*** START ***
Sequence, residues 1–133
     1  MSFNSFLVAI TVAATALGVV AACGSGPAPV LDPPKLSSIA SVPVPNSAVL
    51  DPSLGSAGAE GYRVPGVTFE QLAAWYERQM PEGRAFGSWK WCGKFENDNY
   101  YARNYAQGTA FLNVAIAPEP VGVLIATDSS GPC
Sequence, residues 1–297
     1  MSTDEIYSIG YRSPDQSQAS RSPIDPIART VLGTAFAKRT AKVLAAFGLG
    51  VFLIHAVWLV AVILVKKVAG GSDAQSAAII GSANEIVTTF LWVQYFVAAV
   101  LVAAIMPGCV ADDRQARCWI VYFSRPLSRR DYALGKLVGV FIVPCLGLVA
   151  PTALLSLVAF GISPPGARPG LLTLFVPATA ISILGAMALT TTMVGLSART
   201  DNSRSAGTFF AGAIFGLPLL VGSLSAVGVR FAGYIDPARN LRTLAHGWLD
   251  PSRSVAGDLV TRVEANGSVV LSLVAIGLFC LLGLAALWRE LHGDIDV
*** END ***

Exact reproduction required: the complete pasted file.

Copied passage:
Sequence, residues 1–133
     1  MSFNSFLVAI TVAATALGVV AACGSGPAPV LDPPKLSSIA SVPVPNSAVL
    51  DPSLGSAGAE GYRVPGVTFE QLAAWYERQM PEGRAFGSWK WCGKFENDNY
   101  YARNYAQGTA FLNVAIAPEP VGVLIATDSS GPC
Sequence, residues 1–297
     1  MSTDEIYSIG YRSPDQSQAS RSPIDPIART VLGTAFAKRT AKVLAAFGLG
    51  VFLIHAVWLV AVILVKKVAG GSDAQSAAII GSANEIVTTF LWVQYFVAAV
   101  LVAAIMPGCV ADDRQARCWI VYFSRPLSRR DYALGKLVGV FIVPCLGLVA
   151  PTALLSLVAF GISPPGARPG LLTLFVPATA ISILGAMALT TTMVGLSART
   201  DNSRSAGTFF AGAIFGLPLL VGSLSAVGVR FAGYIDPARN LRTLAHGWLD
   251  PSRSVAGDLV TRVEANGSVV LSLVAIGLFC LLGLAALWRE LHGDIDV